|Publication number||US7520842 B2|
|Application number||US 11/263,544|
|Publication date||Apr 21, 2009|
|Filing date||Oct 31, 2005|
|Priority date||Oct 31, 2005|
|Also published as||US20070099768, WO2007053663A1|
|Publication number||11263544, 263544, US 7520842 B2, US 7520842B2, US-B2-7520842, US7520842 B2, US7520842B2|
|Inventors||Claude B. Comair, Joel N. Smith|
|Original Assignee||Digipen (Usa) Corporation|
|Export Citation||BiBTeX, EndNote, RefMan|
|Patent Citations (9), Referenced by (6), Classifications (9), Legal Events (5)|
|External Links: USPTO, USPTO Assignment, Espacenet|
The illustrated embodiments described herein relate generally to bicycle trainers, and more specifically to bicycle trainers that permit a user to ride a bicycle while the bicycle is supported by the bicycle trainer.
Currently available bicycle trainers attempt to simulate riding conditions by providing at least some resistance to a rider's exertions and, thereby, achieve a desired level of exercise. Currently, there are of two general types of trainers. The first general type is known as a roller trainer, and the second general type is commonly referred to as a rear wheel or stand trainer.
In a roller trainer, both wheels of a bicycle engage one or more rollers pinned to a frame. During use, the bicycle wheels rotate on the rollers as a rider pedals. In roller trainers, the frame of the bicycle is neither coupled to nor supported by the roller trainer and the rider is required to maintain the bicycle in an upright position.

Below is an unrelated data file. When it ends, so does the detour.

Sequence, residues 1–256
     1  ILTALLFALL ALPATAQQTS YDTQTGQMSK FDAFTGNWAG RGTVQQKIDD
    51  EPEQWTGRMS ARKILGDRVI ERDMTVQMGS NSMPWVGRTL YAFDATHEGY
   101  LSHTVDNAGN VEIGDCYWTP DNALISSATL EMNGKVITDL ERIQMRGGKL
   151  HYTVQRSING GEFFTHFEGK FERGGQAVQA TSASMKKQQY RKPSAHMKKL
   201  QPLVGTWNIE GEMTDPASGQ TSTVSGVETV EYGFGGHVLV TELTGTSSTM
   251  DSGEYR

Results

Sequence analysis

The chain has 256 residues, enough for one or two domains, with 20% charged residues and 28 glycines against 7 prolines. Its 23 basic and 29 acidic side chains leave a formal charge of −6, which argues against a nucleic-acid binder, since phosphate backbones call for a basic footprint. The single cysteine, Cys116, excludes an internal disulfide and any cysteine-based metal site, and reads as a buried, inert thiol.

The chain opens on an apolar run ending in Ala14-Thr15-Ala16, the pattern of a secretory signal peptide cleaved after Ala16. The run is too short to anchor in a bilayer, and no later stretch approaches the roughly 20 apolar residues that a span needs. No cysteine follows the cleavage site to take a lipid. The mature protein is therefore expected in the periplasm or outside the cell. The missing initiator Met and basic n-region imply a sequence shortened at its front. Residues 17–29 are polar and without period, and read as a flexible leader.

The rear wheel or stand trainer includes a bracket for rigidly supporting either the rear or front wheel of a bicycle and, thereby, providing some assistance in maintaining the bicycle in an upright position during use. In such a trainer, only the rear wheel of the bicycle rotates as the rider pedals. Such an arrangement eliminates the need for the rider to balance the bicycle on the trainer.
Although effective, both types of trainers are not without their problems. For example, although rear wheel trainers are easy to use, they do not simulate actual riding conditions because the frame of the bicycle is not permitted to move. Specifically, because the frame is rigidly supported by the trainer itself, movement of the bicycle is unnaturally restrained. Additionally, the rigid coupling of the bicycle in the upright manner results in high stresses upon the bicycle frame during use.
Although roller trainers provide a more realistic simulation of riding a bicycle, most users find them very difficult to ride because the frame is not restrained by the trainer itself. Further, such trainers are not designed for simulating turns.
Thus, there exists a need for a bicycle trainer that is reliable, inexpensive to manufacture, and simulates actual riding conditions of a bicycle.
A bicycle trainer, constructed in accordance with one non-limiting embodiment of the present invention, includes a stationary frame and an attachment assembly coupled to the stationary frame. The attachment assembly is adapted to be coupled to a bicycle for selectively pivoting the bicycle through an angular displacement relative to the stationary frame in response to user input.
A bicycle trainer constructed in accordance with a second non-limiting embodiment of the present invention includes a stationary frame adapted to rest upon a support surface and first and second roller assemblies. The first roller assembly is coupled to the stationary frame for rotatingly engaging a first wheel of a bicycle. The second roller assembly is coupled to the stationary frame and is adapted to permit selective pivoting about a first axis while rotatingly engaging a second wheel of the bicycle.